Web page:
As mentioned in our last post, between Christmas and new year we managed to squeeze in a little three day break in Keswick. We love the Lakes, it’s probably our favourite National Park in the UK. There’s something magical in climbing the magnificent peaks here and hiking along paths forged from footsteps long gone by.
For our second hike of the trip we decided to take a little stroll up Cat Bells. We were tired from our longer hike up Skiddaw the previous day, the weather was looking very grim and our reputation of becoming the Lazy Weekenders was seeping through. We chose this 4 mile hike from WalkLakes and set out on the icy roads to Hawse End.
Our ascent up to Skelgill bank was a slippery one indeed. Cat Bells is a popular hill all year round and the many footprints of the early birds had compacted the snow into an icy upward slope as our punishment for starting our hike late. Some light scrambling starts just after the Thomas Arthur Leonard memorial and continues up to Skelgill Bank and then onwards to Cat Bells. We love a good scrambling section and this was no different. It’s a very easy section and it was not hindered too much by the snow and ice as demonstrated by the many dogs bounding about the rocks.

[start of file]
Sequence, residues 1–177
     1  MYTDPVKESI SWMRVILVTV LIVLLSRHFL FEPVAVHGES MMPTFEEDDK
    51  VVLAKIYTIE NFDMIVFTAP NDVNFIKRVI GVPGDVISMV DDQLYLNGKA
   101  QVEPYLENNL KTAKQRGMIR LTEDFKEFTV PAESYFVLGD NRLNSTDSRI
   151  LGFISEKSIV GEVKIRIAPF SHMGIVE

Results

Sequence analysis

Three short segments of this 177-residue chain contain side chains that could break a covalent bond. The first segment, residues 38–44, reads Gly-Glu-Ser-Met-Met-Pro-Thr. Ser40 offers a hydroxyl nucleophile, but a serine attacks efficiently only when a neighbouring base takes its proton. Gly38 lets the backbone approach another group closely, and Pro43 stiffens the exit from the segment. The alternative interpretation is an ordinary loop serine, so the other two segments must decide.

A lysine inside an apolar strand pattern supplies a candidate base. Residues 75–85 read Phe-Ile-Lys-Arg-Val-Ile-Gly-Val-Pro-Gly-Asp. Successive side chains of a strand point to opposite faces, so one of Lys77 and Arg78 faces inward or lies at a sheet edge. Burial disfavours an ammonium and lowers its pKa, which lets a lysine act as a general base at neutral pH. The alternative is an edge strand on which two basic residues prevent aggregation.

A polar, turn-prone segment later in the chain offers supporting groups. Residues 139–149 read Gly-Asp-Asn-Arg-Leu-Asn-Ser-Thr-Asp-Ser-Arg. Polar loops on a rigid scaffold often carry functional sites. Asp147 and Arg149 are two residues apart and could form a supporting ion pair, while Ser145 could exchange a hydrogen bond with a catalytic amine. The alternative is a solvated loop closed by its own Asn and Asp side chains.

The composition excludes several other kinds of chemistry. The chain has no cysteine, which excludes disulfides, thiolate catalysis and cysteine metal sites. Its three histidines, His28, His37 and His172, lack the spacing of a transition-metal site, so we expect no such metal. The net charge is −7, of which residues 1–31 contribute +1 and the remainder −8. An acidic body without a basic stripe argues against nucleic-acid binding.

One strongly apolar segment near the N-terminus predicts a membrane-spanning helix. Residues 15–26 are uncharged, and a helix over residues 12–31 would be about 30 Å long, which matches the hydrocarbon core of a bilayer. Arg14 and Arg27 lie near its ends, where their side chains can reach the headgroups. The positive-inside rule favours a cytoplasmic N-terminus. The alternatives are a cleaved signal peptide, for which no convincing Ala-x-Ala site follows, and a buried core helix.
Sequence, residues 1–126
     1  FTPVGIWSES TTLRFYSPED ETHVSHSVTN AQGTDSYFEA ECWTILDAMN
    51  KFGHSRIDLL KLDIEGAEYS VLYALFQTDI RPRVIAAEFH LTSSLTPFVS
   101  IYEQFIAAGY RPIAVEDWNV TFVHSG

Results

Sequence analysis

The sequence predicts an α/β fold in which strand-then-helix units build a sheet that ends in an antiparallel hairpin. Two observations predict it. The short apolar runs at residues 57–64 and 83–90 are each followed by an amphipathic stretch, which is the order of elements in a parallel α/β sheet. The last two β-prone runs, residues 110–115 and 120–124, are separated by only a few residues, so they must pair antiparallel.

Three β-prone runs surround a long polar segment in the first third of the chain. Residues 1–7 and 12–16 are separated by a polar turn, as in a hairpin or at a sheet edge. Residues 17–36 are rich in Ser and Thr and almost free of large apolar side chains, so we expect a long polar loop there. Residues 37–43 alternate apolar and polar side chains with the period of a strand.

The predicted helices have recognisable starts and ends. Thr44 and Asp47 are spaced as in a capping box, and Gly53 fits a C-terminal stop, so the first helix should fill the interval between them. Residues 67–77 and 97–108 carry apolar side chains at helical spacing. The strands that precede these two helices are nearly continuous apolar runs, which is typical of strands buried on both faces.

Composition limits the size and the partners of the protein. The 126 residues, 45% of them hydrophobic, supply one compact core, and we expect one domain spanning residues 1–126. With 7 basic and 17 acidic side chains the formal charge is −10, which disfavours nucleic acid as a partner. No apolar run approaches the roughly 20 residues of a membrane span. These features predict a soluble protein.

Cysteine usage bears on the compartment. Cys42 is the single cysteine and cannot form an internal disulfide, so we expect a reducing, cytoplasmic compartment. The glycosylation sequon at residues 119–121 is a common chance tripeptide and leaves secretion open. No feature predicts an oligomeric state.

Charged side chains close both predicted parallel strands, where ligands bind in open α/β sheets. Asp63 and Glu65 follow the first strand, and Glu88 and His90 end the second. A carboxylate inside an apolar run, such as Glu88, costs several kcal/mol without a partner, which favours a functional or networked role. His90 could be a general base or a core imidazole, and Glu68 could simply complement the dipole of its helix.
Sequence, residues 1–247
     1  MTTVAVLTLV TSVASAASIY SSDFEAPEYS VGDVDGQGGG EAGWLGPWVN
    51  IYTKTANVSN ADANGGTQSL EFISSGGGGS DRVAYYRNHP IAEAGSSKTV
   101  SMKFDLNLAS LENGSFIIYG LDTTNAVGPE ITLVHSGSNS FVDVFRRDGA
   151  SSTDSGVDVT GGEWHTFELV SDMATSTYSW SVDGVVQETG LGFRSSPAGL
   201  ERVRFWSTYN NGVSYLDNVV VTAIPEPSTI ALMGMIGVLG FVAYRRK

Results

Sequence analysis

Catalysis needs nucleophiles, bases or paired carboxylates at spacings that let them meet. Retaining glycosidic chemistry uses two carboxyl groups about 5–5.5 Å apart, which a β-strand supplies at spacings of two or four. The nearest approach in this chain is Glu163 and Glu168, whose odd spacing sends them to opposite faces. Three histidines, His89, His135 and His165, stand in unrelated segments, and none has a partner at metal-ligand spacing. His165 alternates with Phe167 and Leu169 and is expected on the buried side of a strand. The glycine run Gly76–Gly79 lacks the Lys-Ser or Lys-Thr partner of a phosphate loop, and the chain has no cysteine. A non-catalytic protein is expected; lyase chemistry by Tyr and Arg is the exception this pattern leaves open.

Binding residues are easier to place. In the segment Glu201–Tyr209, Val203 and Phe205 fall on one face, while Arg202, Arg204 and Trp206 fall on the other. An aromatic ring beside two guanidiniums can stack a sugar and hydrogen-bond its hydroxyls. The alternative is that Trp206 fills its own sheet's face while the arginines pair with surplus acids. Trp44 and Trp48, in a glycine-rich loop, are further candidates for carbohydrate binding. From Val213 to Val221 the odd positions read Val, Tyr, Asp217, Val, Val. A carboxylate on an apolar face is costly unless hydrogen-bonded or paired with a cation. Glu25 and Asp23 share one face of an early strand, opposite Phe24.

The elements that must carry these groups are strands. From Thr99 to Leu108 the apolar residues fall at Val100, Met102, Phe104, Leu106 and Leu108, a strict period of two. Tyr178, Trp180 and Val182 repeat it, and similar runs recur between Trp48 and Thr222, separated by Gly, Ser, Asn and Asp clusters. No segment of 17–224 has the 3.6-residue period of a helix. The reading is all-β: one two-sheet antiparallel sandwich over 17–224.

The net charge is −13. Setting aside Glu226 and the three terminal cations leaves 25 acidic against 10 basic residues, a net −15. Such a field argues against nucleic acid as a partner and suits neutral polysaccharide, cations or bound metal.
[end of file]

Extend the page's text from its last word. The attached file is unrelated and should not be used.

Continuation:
There are many easy lines up from Skellgill bank to Cat Bells and we probably took one of the easiest routes (forgive us, it was raining A LOT). We quickly reached Cat Bells and the torrential rain eased to a more British drizzle and we caught a few snaps of the views from the summit.
Cat Bells has such a lovely trig point that I couldn’t resist to take a photo. It includes one of Wainwright’s wonderful summit diagrams which leave me in awe. I bought Troy the Wainwright Guides for his birthday a while ago and we thoroughly enjoy reading Wainwright’s take on the fells we’ve just climbed.
Soon enough, the rain returned and we trudged on with our route. We headed south over the Cat Bells summit, bearing east down many many steps before looping back north following a track that hugs the side of Cat Bells with a wonderful view up the mountain. Nothing is more satisfying than seeing where you’ve just hiked from.
There really is something magical that runs through the Lakes and the fells within it. Whats your favourite fells and scrambles in the Lakes? Let us know.